In the global quest to attain justice for Palestinians, we must coordinate and celebrate each other’s success, from Beirut to the US.
As a movement that exposes, challenges and organizes to dismantle racism, BDS can take many forms, so long as these steer clear of racism itself. . . . In the US, anti-Zionist Israelis play a critical role in the struggle against state-sanctioned disenfranchisement of Palestinians. This flexibility allows us to optimize our organizing, guided by a vision of justice and unshackled by rigid criteria that do not work in all contexts.
With Israel officially enshrining apartheid with its newly passed nation-state law, the Boycott, Divestment and Sanctions (BDS) movement was boosted once again as the most viable grassroots strategy to end Israel’s violation of international law. As Professor Richard Falk put it, “If BDS continues to gain momentum around the world, and especially in the West, it will strengthen the will of governments to do the right thing, and gain sufficient momentum to shake the foundations of the Zionist insistence on a Jewish state in what is still essentially a non-Jewish society.”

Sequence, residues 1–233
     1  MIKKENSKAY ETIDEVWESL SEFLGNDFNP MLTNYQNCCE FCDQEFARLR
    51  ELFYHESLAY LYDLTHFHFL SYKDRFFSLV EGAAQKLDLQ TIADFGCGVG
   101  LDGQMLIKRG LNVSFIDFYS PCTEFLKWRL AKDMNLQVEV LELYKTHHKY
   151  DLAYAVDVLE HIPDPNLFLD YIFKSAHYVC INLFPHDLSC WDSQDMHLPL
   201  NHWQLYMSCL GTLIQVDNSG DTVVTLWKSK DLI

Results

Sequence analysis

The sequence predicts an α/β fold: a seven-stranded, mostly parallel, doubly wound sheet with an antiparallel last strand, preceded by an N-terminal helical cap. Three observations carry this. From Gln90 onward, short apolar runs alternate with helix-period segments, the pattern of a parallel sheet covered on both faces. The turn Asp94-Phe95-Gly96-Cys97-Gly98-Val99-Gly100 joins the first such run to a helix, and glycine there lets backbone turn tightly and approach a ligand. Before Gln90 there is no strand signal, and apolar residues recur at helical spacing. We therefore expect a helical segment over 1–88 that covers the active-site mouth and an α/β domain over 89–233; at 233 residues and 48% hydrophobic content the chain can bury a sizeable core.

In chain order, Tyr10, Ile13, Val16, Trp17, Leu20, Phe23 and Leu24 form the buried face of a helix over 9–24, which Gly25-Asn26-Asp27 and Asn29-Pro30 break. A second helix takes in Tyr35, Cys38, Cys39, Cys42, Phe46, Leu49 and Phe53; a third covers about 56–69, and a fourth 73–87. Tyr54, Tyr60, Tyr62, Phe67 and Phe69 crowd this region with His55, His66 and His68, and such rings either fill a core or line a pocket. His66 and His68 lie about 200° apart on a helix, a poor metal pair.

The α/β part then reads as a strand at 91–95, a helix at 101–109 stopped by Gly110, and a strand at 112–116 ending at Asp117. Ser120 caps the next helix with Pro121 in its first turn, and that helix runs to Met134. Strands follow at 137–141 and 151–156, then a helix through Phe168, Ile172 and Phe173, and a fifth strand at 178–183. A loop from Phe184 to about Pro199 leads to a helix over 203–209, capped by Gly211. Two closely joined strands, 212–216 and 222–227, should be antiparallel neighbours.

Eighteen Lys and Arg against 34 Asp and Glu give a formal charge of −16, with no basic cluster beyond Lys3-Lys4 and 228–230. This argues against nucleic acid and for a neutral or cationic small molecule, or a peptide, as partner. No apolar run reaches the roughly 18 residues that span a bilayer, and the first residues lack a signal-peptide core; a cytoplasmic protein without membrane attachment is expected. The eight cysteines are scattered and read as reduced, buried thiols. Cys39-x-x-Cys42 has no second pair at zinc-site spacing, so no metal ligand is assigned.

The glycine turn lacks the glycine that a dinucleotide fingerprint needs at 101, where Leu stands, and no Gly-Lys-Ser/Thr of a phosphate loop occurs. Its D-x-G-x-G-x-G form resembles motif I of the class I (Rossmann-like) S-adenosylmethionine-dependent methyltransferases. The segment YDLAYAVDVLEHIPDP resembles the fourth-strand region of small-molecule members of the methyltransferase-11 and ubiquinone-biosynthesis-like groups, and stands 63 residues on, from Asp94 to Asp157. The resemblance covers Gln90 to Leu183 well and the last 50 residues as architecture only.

Meanwhile, there is renewed discussion in the West around whether it is still relevant to boycott only products from the settlements or all Israeli products. After all, the new law affirms that “the state views the development of Jewish settlement as a national value and will act to encourage and promote its establishment and consolidation.”
The distinction between settlement products and products from “Israel proper,” however, is one that only functions in a context where such products are indeed available to the consumer. In Arab countries that are implementing the Arab League boycott, the criteria have always been different.